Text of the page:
Sound Limiters:
A Guide by The Four Kicks

As venues increasingly adopt sound limiters and volume control devices in venues, it’s become more vital for bands like us to understand how to navigate these devices effectively.

The Four Kicks, based on our experience, have compiled the following insights for working within sound limiter constraints with minimal compromise to the quality of our performance.

What Are Sound Limiters?

Sound limiters, sometimes referred to as volume limiters and by several other similar names, are essentially monitoring devices installed in many venues to control noise levels. 

They are electronic devices configured to a predefined volume or ‘threshold’ measured in (Decibels, or dB). Once that threshold is reached, they perform an action to reduce the volume level within the venue or space.

Volume limiters in music venues normally exist as one of the following two varieties:

Traffic Light Style Limiters

The most common type. These are set to certain decibel (dB) threshold and, upon detecting sound exceeding these limits, will cut off power in the venue.

This setup tends to includes a visual indicator – often a traffic light system – to alert the band of the current sound level in relation to the limiter’s threshold, i.e. if the light is green, we are well within the limits, amber we are approaching the volume threshold and red, we really need to turn down quickly otherwise the power will shut down very soon.

These systems use a microphone in the room to detect volume levels, so with this type of limiter, it’s important for us to note that other ambient noises contribute to reaching the sound limit, for example people in the audience singing along.

We consider these to be the more challenging type of limiting device, particularly as when they do cut power, they tend to do so for around 10 seconds or so before starting the flow of electricity to our equipment again. This of course might not just happen once within a performance and does cause some disruption, so we need to be particularly careful when planning for your event.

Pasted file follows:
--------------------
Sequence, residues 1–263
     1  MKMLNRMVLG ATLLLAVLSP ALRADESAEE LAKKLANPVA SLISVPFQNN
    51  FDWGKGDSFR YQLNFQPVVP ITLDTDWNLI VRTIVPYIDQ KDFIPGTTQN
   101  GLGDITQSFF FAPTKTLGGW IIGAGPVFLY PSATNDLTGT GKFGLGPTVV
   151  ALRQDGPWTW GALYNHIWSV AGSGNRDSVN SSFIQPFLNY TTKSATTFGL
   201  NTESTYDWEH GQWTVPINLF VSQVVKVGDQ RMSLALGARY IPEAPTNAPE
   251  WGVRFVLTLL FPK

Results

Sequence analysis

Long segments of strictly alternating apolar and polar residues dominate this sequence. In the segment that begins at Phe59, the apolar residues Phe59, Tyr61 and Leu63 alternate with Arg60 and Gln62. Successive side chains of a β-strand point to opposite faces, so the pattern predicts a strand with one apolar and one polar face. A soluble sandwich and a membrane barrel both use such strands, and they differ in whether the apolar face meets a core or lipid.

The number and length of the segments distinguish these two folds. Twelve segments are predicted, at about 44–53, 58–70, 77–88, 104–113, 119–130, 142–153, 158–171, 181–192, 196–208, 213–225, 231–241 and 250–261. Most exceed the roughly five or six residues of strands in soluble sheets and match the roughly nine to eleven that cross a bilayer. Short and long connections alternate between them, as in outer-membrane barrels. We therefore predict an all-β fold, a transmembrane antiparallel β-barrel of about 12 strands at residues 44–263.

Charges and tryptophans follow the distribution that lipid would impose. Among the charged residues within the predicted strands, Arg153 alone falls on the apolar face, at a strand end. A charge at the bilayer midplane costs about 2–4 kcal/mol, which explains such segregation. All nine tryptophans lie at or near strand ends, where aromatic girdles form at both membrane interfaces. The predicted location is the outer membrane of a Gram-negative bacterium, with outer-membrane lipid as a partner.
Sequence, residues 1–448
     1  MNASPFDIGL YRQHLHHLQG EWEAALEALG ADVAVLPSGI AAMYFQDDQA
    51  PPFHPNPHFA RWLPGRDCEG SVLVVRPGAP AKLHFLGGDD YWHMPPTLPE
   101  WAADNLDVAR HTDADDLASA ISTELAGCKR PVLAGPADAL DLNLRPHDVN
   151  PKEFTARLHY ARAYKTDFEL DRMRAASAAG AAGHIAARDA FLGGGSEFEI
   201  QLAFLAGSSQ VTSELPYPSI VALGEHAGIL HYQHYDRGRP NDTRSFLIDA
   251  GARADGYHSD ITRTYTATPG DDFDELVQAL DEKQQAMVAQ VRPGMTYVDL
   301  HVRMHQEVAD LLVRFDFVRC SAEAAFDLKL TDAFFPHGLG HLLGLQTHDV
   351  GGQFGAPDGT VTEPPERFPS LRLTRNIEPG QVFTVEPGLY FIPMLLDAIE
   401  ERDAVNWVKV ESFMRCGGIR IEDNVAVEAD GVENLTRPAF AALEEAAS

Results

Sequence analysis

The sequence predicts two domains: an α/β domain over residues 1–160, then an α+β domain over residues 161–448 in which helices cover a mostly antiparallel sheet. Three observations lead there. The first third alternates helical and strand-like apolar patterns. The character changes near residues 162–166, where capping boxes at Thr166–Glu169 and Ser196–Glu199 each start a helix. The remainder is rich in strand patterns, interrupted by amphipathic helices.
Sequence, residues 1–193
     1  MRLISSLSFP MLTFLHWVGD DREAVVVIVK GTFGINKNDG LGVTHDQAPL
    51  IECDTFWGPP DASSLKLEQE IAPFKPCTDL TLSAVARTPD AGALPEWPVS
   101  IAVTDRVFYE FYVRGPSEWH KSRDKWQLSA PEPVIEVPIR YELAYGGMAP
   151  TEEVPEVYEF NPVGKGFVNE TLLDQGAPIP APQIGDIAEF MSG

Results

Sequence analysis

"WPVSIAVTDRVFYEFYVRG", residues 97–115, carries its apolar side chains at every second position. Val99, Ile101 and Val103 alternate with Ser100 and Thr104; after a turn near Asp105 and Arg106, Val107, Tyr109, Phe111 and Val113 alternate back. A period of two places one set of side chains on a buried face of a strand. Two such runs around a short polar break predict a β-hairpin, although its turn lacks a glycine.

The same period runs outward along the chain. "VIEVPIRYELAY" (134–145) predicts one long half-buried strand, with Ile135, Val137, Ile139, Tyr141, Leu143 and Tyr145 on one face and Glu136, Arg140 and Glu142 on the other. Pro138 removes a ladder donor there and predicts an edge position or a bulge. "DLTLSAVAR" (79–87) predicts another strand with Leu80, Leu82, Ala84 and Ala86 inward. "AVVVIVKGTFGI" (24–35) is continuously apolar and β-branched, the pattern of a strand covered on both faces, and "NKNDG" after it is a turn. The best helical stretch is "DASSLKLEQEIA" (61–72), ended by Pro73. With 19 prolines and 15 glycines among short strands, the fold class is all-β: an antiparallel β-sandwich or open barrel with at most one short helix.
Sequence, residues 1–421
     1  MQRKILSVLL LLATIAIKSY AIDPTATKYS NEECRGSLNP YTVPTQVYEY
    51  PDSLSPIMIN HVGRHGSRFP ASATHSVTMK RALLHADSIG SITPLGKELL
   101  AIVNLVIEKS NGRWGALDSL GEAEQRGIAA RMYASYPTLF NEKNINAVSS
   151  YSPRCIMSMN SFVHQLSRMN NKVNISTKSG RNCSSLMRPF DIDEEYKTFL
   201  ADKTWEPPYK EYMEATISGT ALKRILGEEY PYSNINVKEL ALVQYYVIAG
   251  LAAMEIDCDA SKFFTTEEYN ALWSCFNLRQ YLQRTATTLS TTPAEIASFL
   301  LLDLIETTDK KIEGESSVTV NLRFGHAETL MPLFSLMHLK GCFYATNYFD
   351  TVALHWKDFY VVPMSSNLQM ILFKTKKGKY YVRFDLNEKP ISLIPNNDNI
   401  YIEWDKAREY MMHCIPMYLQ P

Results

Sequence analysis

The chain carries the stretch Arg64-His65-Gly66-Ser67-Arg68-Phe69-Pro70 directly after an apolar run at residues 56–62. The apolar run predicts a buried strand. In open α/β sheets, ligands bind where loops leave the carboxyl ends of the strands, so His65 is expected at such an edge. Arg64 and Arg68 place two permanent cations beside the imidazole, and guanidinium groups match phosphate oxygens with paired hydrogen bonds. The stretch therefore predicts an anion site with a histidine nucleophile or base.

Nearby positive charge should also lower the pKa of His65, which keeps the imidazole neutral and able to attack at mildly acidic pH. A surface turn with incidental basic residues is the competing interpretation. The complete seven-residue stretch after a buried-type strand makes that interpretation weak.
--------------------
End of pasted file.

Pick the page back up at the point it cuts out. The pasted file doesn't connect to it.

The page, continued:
“Brickwall” or “Compressor” Style Limiters

Some venues ask that we run our audio through their in-house PA / Speaker System that features what’s called a “hard limiter” or a “brickwall limiter”.

Rather than cutting power to our electrical equipment, these use a circuit that limits the overall output to within a maximum volume level. Should our instruments and vocals exceed the defined threshold, they “compress” the audio to bring the volume down to their desired limit.

Why “brickwall”? Well, imagine a rubber ball (representing our sound) is being pushed up against a wall (representing the limiter’s threshold) until it gradually becomes squashed and distorted. This is a fair anology to describe what happens to sound going through these devices.

This effect isn’t necessarily detrimental and isn’t always likely to be audible to the untrained ear. In-fact, most of the songs you hear on the radio or streaming services are “compressed” in a similar fashion as part of their production process (this is done so they can be played louder without unusual spikes in volume – Google “the loudness war” if you want to learn more!).

Having said that, it is just something that it’s helpful for us to be aware of, as we will adopt different mixing techniques and tools to ensure a clean and crystal clear sound under these circumstances.

Limiters are generally implemented in response to concerns such as noise complaints from neighbouring properties, or the need to maintain a comfortable environment for all patrons, especially in multifaceted venues like hotels. Regulatory bodies might mandate the installation of sound limiters as a measure to address recurring noise issues, aiming to prevent the drastic step of venue closure.

While venues may prefer not to impose such restrictions, the adoption of sound limiters ensures compliance with local noise regulations and maintains friendly relations with the local community.

The Four Kicks are fortunately well-experienced in working with both kinds of set up, so are confident in our ability to deliver a great sound the vast majority of venues with limiters. It does mean we will approach things differently and spend a little more time planning our set up prior to the event and on the day, but it’s all par for the course.

Knowing the Limit

Limits of 100dB or above usually pose no issues for live bands. At 95dB, most four-piece bands, including The Four Kicks, can still perform fairly comfortably with some adjustments. At 90dB and below, this is the point where a more acoustic style performance would likely be more suitable. Should your venue have a limiter configured this low, we will be happy to discuss options with you.